IT’S THAT time of year again when anglers at the ‘Pin turn their attention to flathead. The season is just kicking off although there have been flatties available all year. They usually start their run on the first full moon in September but this year the full moon is late in August and then September, so the run is going to be hard to pick.
Many anglers will be trying their luck to land that mammoth fish, and with the new restrictions (min length 40cm, max length 70cm, bag limit 5) there are more larger fish than ever. I’ll be very surprised if we don’t get a 1m-plus fish reported this year as we’ve already had several reports of lizards in the 90cm range over the last couple of months.
If you’re going to chase these prehistoric looking creatures, livebait is always the best option. Many anglers are getting into flicking soft plastics to try to lure these fish into a strike, but there is no substitute for livebait. Poddy mullet, banana prawns, herring and diver whiting are all top baits for landing a decent flathead.
There is a big migration through the ‘Pin and Seaway at this time of year, so there won’t be a better time to chase flatties than now. Just remember about the limits and only take what you need. Don’t forget the camera because we’d all love to see the proof of that once-in-a-lifetime fish. For those who aren’t that familiar with catching flathead, be sure to pack a landing net. After the initial strike the fight is like dragging up a snag, and the point when the flattie hits the surface is when most fish are lost. Flathead are known for their headshake and they can easily spit out hooks, so a good deckie with net in hand is a must. Be sure to use a heavy towel, hessian or gloves when it comes to handling flatties as they have two vicious spikes on the sides of their heads that can cause serious injury.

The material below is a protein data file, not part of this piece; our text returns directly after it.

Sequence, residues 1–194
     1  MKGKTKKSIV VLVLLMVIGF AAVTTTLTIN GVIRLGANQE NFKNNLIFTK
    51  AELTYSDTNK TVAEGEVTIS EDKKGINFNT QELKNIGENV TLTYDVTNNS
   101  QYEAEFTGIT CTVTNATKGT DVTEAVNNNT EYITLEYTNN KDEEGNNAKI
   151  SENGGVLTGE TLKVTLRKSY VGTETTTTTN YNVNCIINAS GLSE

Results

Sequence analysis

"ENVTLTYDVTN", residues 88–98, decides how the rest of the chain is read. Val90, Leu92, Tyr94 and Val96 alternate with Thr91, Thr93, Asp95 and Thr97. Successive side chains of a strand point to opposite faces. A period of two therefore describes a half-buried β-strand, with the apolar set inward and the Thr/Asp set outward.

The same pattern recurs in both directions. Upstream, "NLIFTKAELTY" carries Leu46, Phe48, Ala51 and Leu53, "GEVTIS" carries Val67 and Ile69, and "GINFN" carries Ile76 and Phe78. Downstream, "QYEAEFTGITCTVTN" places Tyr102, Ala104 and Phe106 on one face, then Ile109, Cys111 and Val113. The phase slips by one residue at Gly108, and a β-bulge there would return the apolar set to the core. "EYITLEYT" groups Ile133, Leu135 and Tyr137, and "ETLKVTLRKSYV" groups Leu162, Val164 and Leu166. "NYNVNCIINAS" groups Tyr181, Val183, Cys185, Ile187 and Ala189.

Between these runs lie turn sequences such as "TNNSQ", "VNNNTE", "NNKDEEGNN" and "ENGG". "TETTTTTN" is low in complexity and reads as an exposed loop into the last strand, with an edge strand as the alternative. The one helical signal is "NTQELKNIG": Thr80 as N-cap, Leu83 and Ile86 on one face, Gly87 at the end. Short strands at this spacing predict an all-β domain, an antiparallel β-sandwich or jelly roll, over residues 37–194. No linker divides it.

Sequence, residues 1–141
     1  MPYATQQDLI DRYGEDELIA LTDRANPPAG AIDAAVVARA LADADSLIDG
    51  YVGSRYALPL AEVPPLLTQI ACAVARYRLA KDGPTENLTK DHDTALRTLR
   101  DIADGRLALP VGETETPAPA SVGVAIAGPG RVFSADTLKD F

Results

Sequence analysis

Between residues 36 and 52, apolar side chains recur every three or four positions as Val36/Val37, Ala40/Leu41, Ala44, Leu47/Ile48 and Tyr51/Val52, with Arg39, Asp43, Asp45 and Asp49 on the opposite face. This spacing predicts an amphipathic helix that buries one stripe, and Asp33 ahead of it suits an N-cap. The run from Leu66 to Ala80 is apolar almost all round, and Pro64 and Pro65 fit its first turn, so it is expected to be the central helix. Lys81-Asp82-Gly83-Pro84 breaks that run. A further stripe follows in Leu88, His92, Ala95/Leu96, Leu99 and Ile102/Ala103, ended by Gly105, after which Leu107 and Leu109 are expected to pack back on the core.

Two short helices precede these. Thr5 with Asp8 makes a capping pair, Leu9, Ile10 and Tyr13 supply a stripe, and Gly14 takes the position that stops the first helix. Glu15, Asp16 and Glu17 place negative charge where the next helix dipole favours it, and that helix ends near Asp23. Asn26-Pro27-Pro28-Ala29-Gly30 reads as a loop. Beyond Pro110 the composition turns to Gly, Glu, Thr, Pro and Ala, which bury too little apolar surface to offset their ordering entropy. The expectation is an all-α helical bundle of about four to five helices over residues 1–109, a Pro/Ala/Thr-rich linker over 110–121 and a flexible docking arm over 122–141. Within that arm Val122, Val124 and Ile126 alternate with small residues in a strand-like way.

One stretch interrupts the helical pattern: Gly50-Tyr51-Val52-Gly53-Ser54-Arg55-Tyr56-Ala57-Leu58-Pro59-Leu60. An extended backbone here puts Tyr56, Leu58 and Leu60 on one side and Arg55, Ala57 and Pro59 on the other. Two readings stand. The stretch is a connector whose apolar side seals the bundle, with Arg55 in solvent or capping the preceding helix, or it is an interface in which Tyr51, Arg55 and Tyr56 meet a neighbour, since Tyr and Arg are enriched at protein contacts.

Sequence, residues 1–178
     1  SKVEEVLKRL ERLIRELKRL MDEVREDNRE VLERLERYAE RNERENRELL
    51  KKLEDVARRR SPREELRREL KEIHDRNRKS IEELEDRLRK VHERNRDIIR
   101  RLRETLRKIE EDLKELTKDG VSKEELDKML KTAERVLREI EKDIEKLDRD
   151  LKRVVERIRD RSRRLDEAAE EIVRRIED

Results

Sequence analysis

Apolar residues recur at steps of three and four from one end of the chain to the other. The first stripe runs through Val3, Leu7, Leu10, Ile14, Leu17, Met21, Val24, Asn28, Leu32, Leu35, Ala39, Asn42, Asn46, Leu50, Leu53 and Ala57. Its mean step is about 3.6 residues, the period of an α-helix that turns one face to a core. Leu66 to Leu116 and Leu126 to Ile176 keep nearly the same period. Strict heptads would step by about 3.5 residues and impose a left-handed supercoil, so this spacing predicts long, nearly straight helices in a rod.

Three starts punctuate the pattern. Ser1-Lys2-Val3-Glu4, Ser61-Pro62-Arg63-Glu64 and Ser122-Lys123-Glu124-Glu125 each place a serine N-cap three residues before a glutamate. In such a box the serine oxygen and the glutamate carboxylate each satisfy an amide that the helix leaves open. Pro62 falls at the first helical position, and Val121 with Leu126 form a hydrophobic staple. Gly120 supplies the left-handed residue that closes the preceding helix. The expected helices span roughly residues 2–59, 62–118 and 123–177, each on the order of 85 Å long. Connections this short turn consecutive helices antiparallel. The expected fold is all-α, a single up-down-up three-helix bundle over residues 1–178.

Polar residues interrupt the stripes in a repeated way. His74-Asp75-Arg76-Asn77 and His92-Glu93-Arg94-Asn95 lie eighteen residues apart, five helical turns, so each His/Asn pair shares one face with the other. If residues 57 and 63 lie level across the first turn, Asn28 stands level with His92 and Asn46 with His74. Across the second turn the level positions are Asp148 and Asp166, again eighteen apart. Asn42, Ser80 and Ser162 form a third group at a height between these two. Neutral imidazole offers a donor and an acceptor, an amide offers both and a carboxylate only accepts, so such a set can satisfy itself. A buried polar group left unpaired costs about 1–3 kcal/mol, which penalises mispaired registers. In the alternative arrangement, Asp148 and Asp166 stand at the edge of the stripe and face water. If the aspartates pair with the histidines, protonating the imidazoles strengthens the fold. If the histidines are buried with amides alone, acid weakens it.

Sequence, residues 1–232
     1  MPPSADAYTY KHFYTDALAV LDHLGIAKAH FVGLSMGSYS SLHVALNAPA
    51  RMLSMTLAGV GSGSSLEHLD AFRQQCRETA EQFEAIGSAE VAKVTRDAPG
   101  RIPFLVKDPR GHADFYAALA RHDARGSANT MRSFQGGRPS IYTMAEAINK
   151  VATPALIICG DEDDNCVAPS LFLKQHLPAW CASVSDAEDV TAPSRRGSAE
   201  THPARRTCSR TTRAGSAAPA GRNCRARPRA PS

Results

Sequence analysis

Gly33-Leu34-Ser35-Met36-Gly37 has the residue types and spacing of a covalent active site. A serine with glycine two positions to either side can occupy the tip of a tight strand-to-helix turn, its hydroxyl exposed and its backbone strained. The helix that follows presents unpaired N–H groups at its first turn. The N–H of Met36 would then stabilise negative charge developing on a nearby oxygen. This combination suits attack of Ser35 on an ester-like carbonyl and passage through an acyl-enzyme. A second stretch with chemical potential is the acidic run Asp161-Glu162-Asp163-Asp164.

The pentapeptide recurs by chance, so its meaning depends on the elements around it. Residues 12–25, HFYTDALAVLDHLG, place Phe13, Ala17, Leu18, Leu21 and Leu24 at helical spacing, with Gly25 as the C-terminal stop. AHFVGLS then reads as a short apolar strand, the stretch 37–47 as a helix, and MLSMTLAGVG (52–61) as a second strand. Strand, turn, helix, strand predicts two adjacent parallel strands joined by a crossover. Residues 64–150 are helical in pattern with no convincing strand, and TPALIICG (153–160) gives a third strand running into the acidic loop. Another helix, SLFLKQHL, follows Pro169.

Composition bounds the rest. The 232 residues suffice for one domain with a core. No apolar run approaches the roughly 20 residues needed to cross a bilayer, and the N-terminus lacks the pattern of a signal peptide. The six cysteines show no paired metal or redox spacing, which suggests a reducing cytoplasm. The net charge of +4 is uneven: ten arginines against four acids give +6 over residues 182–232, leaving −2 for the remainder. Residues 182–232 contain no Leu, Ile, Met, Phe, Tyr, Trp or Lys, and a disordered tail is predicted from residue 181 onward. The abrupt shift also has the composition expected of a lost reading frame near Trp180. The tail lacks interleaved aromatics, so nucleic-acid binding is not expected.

Flathead aren’t the only fish biting at the ‘Pin. Tailor are running once again and there is some size about them, too. 2-3kg greenbacks are commonplace amongst most catches at the bar or off the beaches of North and South Stradbroke Island. Some strays have been caught as far in as the powerlines, but most have been at the bar or just outside. A few dart and big sea bream are also being landed in the same spots.
The water is starting to warm slightly and some big jew are being weighed in to near 15kg from Kalinga Bank, the bar and the Logan River. Livebaits such as beach and bloodworms, mullet and large prawns are producing the best fish, and one good one was landed on a metal slug vertically jigged in one of the deeper holes at the bar. It definitely pays to monitor your sounder.
Plenty of bream and whiting are available as usual. Most are undersized but you have to expect that because the ‘Pin being the nursery for small fish. It’s not just the anglers who appreciate Jumpinpin’s calm sheltered waters.
Keep those great reports coming in and stop in at Gem Bait and Tackle if you’d like us to photo your catch. Who knows – you could even grace the pages of this magazine. If you have any questions or would like any advice give us a call on 3287 3868 or email --e-mail address hidden-- I’ll catch you next month.
1) Matt Bliss with a 3.5kg (gutted) flathead caught from a rock wall. Now’s the time to target these prehistoric-looking fish at the ‘Pin.Reads: 1414